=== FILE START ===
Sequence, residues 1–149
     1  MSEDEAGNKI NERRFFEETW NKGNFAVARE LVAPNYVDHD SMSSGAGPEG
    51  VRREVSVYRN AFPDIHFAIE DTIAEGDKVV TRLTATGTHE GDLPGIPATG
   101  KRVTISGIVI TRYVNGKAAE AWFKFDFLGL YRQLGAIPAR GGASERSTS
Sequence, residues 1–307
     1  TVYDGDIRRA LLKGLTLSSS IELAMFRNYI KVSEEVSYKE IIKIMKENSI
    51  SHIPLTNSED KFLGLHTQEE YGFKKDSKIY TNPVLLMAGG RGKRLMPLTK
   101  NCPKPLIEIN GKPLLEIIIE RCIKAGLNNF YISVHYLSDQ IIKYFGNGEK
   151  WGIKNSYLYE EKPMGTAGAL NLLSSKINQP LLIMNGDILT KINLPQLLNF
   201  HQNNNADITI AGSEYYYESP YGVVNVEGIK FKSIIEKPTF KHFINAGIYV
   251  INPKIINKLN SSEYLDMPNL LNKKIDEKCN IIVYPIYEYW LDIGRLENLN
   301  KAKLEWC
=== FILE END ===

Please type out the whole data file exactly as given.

Sequence, residues 1–149
     1  MSEDEAGNKI NERRFFEETW NKGNFAVARE LVAPNYVDHD SMSSGAGPEG
    51  VRREVSVYRN AFPDIHFAIE DTIAEGDKVV TRLTATGTHE GDLPGIPATG
   101  KRVTISGIVI TRYVNGKAAE AWFKFDFLGL YRQLGAIPAR GGASERSTS
Sequence, residues 1–307
     1  TVYDGDIRRA LLKGLTLSSS IELAMFRNYI KVSEEVSYKE IIKIMKENSI
    51  SHIPLTNSED KFLGLHTQEE YGFKKDSKIY TNPVLLMAGG RGKRLMPLTK
   101  NCPKPLIEIN GKPLLEIIIE RCIKAGLNNF YISVHYLSDQ IIKYFGNGEK
   151  WGIKNSYLYE EKPMGTAGAL NLLSSKINQP LLIMNGDILT KINLPQLLNF
   201  HQNNNADITI AGSEYYYESP YGVVNVEGIK FKSIIEKPTF KHFINAGIYV
   251  INPKIINKLN SSEYLDMPNL LNKKIDEKCN IIVYPIYEYW LDIGRLENLN
   301  KAKLEWC